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Texas Football: Quick Impressions of Arkansas St Game

Right now I'm doing an impression of a pile of steaming baboon shit.

Make no mistake, had we played Appalachian State, a Division I-AA squad of actual quality, we would have lost by two touchdowns. That's not hyperbole. It's empirical fact. I just looked up the word complacency in Wikipedia and it had a picture of our coaching staff holding Lloyd Carr commemorative 1997 Michigan MNC mugs. If any of you come at me with a "a win is a win" I will hunt you down by your IP address and make you read Bill Little soliloquys until you take your own life.

We were outplayed by a Div I-AA football team that outgained us 397-340, demonstrated a superior running and passing game, had better coaching and headier QBing, and generally outhustled us despite their sloppy penalties and a smooth screwing by the officials on the onside kick. They botched multiple opportunities in the red zone and missed some chip shot field goals. That's how we escaped our home field with a win.

I watched the game in a sports bar in San Francisco full of alcohol and ire, so without the benefit of TIVO, crayons, and a Strawberry Shortcake spiral, my observations will be of the 10,000 foot variety; I'll write on a more granular level when given the opportunity though watching a replay of that pathetic effort will be trying. Every single concern that we could have had about this football team before the year has been proven absolutely valid while several concerns we didn't have have surfaced prominently.

It's going to be a long year, boys. Pray to Odin that another VY is in the pipeline who through sheer force of his personality can push our prolapsed uterii into place and fashion our staff a pair of makeshift gridiron clackers.


Our gameplan was gutless in only the way a Greg Davis gameplan can be, though this pecuilar variety of squeezable softness usually only surfaces in Dallas. 1st and goal. The score is 21-6. We've struggled, but now it's time to ice the game. Let's finish this thing, score again to go up 35-6 and go get better watching the film. We open in a spread set. Eh? Did I mention that it was 1st and goal? Four downs later, they have the ball. We escape with a 21-13 win, tails tucked securely over our poop hatch.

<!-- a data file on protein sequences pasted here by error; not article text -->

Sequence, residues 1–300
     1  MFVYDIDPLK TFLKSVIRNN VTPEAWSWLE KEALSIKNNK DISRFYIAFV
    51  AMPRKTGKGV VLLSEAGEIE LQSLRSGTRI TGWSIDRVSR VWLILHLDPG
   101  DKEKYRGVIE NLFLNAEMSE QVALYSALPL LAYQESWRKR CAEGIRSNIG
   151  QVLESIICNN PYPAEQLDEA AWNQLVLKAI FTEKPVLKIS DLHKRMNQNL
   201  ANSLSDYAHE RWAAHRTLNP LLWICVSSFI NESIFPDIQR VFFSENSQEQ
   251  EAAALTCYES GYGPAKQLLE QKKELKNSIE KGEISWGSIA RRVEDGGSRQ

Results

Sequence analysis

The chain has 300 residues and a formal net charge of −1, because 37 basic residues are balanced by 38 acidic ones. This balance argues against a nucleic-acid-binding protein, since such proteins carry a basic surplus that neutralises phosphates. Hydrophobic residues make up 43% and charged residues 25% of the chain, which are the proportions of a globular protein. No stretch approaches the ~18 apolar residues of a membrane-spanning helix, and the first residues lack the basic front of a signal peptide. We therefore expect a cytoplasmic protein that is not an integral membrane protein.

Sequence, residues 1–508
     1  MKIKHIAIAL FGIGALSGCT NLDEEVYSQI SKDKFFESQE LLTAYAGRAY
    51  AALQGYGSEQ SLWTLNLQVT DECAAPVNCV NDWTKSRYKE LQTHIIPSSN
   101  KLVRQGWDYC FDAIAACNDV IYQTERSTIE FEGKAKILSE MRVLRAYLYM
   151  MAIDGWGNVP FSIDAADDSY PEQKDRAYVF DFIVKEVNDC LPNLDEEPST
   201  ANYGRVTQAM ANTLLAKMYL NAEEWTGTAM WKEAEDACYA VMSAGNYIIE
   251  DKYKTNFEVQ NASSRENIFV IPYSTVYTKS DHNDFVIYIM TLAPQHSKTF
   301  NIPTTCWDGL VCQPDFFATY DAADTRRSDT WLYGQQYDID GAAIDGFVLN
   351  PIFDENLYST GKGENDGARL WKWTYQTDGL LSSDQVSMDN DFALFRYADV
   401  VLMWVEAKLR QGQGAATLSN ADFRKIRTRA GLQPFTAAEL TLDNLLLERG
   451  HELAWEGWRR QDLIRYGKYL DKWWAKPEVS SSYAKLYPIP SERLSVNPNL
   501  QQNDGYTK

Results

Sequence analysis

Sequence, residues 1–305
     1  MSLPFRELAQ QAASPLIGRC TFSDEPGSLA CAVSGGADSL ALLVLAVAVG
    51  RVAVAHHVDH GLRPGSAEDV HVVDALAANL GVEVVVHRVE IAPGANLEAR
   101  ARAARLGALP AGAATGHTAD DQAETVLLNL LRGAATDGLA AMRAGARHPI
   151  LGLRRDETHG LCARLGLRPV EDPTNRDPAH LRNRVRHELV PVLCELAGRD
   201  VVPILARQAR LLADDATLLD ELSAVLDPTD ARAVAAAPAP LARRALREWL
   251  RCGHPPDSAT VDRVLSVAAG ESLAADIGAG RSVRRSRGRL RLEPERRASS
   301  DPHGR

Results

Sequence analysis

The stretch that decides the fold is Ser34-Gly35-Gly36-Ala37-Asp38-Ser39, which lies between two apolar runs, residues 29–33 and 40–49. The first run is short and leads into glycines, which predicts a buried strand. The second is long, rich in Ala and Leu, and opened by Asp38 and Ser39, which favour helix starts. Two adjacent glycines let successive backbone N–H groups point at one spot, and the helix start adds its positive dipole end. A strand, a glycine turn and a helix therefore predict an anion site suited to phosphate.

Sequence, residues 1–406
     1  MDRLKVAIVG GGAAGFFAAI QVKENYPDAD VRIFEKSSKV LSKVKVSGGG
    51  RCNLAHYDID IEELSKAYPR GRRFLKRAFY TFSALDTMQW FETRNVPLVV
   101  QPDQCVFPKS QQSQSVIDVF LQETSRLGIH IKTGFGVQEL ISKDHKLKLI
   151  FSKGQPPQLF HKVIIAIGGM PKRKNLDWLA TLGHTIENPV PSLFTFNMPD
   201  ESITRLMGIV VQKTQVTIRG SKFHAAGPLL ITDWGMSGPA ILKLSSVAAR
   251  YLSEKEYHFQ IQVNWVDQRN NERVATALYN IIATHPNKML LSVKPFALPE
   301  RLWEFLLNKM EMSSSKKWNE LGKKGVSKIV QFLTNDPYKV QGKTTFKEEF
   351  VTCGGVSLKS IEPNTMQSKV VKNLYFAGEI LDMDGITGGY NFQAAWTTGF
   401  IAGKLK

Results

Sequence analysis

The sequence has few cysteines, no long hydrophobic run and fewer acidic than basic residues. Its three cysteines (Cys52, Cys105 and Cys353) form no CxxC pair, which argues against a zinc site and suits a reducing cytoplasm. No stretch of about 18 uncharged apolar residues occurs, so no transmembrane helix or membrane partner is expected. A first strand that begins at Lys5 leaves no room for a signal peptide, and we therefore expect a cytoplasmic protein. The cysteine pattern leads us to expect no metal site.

Our running game is an design. I'm not interested in discussing push at the point of the attack, though it was lacking. I'll be happy to explain how simple down blocking alleviates that problem, but that's deep football knowledge, the kind of shit most of us picked up playing in high school. As with the Dark Days of Tim Nunez, I'm not interested in talking about the mosquito, I'm interested in talking about the swamp. We dwell in an environment of proscribed failure. Without a running threat at QB, our players operate at schematic disadvantage on every play because our offensive coordinator can't be bothered to notice that the lateral running game isn't the most efficient means of moving downhill. Rare is the time I try to drive to New York from Austin by heading West for several hundred miles first. Delayed counters don't work against run blitzes and toss sweeps in a 3 WR set don't go really well against a nine man front goalline defense. These are just things I've picked up along the way in life. Call me Paul Brown.

JC is a special runner trapped in a comically inept run scheme. When a RB has to break three tackles in the backfield to get three yards, you need to look at the system, not the players. Let me emphasize run game. JC's blocking was horrendous throughout the game and he whiffed on blitz pickup on at least five occasions. On two of those occasions he ran past a blitzing linebacker, saw Colt get nailed, then let out a little Mack Brown clap that was captured on replay. Good stuff there.